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Surprising facts about long-term care planning

On Behalf of | Aug 28, 2018 | Long Term Care Planning | 0 comments

Do you need to consider long-term care planning for yourself or your parents? According to a new study, there is a wide disconnect between how many people think they will need long term care versus how many will actually need it. As of now, only 46 percent of people across the country think they will need some form of care, whereas the actual percentage needing it is around 70 percent. Additionally, people mistakenly believe they won’t need any care until they are 79, but the reality is that they will more likely be 73. This means that even those who think they might need care are not adequately prepared when the time comes.

Pittsburgh residents might also be surprised to learn that there is a huge misconception about what long term care will cost them. While people assume the cost per year is $25,350, the actual number is nearly double this figure – more than $47,000. Even this amount is a low estimate for assisted living. A semi-private room in a nursing home might cost more than $80,000 per year, while a private room could cost almost $100,000.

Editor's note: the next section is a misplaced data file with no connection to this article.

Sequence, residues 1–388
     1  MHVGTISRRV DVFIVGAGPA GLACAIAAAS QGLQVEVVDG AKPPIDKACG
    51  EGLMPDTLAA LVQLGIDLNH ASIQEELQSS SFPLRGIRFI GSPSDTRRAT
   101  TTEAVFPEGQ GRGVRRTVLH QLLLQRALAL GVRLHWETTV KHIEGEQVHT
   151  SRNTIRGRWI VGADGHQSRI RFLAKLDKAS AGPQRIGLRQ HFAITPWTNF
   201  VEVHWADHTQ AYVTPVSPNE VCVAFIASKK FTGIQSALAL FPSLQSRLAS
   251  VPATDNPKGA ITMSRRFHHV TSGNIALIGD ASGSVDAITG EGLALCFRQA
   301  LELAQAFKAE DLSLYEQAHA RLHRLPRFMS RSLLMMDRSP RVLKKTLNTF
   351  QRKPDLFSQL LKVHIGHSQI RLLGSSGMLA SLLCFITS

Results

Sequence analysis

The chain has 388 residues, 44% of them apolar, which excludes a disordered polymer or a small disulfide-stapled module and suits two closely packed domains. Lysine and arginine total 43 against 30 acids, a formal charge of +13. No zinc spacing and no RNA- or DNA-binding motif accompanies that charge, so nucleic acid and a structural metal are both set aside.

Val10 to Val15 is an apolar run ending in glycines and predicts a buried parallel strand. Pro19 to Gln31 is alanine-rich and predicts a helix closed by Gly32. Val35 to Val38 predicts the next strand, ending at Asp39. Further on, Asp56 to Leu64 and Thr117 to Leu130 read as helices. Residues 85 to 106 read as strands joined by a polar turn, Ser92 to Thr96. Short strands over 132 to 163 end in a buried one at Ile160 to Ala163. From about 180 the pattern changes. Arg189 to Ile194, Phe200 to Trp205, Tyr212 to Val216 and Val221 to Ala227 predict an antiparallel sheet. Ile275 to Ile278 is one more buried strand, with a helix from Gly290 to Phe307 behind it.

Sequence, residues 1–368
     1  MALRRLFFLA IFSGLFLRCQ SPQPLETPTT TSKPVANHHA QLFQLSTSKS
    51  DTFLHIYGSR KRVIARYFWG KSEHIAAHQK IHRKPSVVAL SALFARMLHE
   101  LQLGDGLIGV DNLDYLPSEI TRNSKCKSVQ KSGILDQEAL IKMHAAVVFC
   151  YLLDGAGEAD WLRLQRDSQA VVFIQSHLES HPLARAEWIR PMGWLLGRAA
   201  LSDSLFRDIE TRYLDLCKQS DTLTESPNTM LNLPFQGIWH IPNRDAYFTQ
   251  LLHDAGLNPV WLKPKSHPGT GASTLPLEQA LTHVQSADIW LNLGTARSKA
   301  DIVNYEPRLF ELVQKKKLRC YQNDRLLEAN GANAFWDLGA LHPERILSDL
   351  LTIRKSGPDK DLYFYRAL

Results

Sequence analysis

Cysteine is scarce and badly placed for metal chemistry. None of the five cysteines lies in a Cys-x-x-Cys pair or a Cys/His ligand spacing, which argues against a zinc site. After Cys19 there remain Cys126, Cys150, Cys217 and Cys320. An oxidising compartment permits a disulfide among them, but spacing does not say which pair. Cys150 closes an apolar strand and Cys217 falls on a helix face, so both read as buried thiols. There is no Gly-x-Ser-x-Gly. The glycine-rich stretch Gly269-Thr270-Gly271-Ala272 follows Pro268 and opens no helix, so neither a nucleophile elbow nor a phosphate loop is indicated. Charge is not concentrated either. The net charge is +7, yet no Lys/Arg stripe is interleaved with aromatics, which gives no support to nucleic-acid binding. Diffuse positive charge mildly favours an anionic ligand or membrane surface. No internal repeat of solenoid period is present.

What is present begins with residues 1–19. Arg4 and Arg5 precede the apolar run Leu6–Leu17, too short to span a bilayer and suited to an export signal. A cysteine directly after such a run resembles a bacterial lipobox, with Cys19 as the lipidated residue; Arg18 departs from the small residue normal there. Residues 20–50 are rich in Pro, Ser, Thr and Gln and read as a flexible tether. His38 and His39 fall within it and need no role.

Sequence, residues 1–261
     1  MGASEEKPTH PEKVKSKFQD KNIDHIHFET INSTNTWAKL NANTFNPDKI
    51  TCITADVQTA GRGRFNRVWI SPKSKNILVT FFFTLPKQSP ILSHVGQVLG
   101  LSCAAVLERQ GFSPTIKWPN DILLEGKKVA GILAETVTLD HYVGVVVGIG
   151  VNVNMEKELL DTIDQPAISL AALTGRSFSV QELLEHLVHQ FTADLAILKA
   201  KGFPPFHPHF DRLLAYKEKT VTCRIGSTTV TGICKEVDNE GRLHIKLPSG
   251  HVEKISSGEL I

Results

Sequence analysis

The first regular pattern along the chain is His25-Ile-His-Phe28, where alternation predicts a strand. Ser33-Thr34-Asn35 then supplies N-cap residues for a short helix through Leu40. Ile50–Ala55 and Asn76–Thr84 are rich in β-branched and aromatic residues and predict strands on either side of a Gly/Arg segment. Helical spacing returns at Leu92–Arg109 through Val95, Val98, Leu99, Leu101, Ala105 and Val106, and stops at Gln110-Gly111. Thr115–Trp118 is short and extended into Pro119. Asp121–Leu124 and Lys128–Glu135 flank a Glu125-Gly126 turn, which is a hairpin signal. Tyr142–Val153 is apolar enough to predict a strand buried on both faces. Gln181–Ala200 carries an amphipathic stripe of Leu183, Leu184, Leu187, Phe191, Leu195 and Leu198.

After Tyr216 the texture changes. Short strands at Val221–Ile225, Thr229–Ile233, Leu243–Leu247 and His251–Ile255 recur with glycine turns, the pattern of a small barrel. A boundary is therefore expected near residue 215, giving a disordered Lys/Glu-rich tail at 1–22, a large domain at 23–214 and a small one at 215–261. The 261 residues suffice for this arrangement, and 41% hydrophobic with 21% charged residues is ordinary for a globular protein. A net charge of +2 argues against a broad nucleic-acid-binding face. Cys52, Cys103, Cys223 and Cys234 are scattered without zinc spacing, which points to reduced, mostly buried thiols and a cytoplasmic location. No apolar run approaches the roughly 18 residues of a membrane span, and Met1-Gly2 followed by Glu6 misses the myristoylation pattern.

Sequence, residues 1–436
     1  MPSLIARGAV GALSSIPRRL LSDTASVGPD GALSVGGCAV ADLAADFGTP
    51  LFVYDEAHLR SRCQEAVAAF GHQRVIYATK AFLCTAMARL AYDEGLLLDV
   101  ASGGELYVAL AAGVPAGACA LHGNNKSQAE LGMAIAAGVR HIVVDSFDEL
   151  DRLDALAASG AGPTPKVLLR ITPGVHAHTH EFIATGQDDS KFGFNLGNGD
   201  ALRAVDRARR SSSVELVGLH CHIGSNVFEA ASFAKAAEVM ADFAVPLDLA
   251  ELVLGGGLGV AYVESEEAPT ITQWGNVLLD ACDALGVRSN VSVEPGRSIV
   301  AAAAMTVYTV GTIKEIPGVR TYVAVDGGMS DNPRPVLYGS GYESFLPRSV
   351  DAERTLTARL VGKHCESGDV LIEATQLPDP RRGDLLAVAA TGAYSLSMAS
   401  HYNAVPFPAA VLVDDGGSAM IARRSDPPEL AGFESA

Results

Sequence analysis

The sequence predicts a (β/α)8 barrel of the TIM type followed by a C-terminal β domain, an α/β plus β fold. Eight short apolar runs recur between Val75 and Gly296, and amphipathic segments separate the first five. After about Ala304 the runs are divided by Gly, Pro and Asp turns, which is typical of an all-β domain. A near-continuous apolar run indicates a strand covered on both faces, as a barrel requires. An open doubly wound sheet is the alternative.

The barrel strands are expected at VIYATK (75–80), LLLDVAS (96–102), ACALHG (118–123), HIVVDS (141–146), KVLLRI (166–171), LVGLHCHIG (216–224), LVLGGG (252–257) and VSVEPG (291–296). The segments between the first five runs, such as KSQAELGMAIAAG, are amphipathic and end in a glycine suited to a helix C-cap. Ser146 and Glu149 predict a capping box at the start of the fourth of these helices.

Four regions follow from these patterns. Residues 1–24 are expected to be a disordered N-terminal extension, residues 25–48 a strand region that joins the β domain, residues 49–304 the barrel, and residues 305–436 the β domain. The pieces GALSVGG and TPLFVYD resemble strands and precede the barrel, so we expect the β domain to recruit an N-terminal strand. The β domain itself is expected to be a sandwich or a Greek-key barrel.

Do these numbers make you want to consider long-term care planning? It might be even more surprising to learn that 64 percent of Americans have not saved for long-term care. Those who are saving intend to save around $650 a month, which wouldn’t come close to covering the costs of long-term care. Sixty-seven percent of people are not able to contribute to their parents’ long-term care, whereas 48 percent hadn’t expected to put their loved ones into some form of long-term care. With only 33 percent of people having these important conversations with their loved ones, it is no surprise that not only are Americans not planning for their future care needs, they are also not cognizant of their parents’ needs.

Discussing and planning for long-term care is an essential step people should take sooner rather than later and should keep revisiting when important life changes take place. Without long-term care planning and with Pennsylvania’s filial support laws in place, financing nursing home care could end up costing a person everything.